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Originally published Sunday, March 30, 2014 at 3:03 AM

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Simon Schama’s ‘The Story of the Jews’: a dazzling history

Simon Schama’s “The Story of the Jews: Finding the Words 1000 BC-1492 AD” connects history, art, culture and religion in its account of the Jewish people’s history, beginning with their origins and ending with their expulsion from Spain in 1492.

Special to The Seattle Times


Simon Schama’s ‘The Story of the Jews’

The five-hour companion television series began airing on KCTS March 25 and continues Tuesday, April 1. Consult for times.

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‘The Story of the Jews: Finding the Words 1000 BC-1492 AD’

by Simon Schama

Ecco, 512 pp., $39.99

Telling the story of the Jews, even in two hefty volumes (the second due out this fall) and a companion five-hour PBS television series, is a daunting task, but Simon Schama is more than up to it. Massively erudite in history, art, culture, and, on the evidence of this new book, scripture and archaeology, Schama is one of those charming polymaths that only the British Isles seem to breed. Reading Schama is like sitting across from the world’s most dazzling dinner party guest: there’s nothing the man can’t brilliantly riff on, though you may be furtively glancing at your watch before the evening is over.

If you are looking for an orderly march through the great milestones of Jewish history, look elsewhere. Schama’s approach in this volume, which begins with the emergence of the Jews as a distinctive people around 1000 BC and ends with their expulsion from Spain in 1492, is as eccentric and associative as a lyric poem. At the start of each section, he seizes on some artifact, incident or colorful individual and then waltzes off with it into great looping ruminations. You can practically see the telegenic writer, potsherd or papyrus scroll in hand, intoning for the camera, “Two and a half millennia ago, on this tawny island in the Nile River, a young Jewish soldier sat in his barracks writing a letter to his parents….”

This is decidedly popular history, but a certain level of sophistication is assumed. Unless you’re familiar with Seleucids, the Hasmonean dynasty, Essenes, Idumea, Antipater and the multiple kings named Antiochus, you may find the first couple of chapters tough-going. Schama pretty much dispenses with context and narrative bridges. You turn the page on the “family quarrel” between Jews and early Christians, and suddenly you’re deep in a discourse on the lives of the Hebrew poets in 10th and 11th century Moorish Spain.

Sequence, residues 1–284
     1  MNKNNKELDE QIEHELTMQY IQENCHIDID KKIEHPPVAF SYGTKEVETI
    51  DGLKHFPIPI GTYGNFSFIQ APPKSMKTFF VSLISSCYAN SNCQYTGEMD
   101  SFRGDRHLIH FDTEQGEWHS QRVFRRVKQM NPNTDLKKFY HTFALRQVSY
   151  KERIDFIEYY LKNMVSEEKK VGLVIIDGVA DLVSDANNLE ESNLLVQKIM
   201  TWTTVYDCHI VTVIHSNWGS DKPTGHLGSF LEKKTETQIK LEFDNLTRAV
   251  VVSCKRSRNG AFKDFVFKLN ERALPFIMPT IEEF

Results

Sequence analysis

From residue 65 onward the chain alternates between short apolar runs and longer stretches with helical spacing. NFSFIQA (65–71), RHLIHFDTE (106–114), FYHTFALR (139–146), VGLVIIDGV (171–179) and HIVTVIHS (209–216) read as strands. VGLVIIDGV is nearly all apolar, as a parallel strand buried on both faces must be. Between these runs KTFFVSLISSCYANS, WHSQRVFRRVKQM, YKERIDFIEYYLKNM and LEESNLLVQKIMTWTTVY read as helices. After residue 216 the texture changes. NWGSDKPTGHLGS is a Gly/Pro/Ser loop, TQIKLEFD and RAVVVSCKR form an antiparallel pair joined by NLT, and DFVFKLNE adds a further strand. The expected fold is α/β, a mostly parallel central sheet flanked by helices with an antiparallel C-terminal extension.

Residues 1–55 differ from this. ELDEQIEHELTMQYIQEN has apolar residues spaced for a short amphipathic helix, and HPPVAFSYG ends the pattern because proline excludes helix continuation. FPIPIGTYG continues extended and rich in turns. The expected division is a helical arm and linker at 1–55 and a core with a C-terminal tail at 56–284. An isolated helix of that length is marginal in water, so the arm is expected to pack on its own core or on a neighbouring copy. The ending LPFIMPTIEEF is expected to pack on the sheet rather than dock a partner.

Fifty pages later Schama has hopscotched to England, the year is 1242, and a rich English Jewish banker named David of Oxford is wooing the wise, sumptuous widow Licoricia of Winchester. The crown’s appropriation of the couple’s huge estate heralded a “campaign of crushing terror and violence” in which hundreds of English Jews were hung from London gallows, a crime that “has gone unremembered, unlamented, unacknowledged in English history ever since.”

Schama notes in the foreword that “this book and the television films are full of such little revelations that add up to a culture,” and he is indeed superb at connecting the most revealing dots. The vast labyrinth of Biblical commentary known as the Mishnah is at once “an orgy of the picayune” and “a thousand-page act of yearning.” The “surprising chatter” of an ancient potsherd inscription is a “Hebrew tweet.”

Exasperated as I was at times by the digressions and stretches for relevance, I had fallen entirely under Schama’s spell by the end. In the same year that Columbus sailed to the New World by the grace of an astronomical treatise written by the brilliant Spanish Rabbi Abraham Zacuto, Ferdinand and Isabella ordered their kingdom cleansed of Jews. As the columns of exiles trudged toward the frontier, “some falling, others standing up, some dying, others being born,” in the words of a contemporary observer, the women sang and beat out the rhythm on tambourines.

I closed this hefty volume with new reverence for what Schama calls “the imperishability of Judaic beauty” and new despair at how long and how vehemently the world has tried to extinguish it.

Seattle’s David Laskin is the author of “The Family: Three Journeys into the Heart of the Twentieth Century (Viking).”

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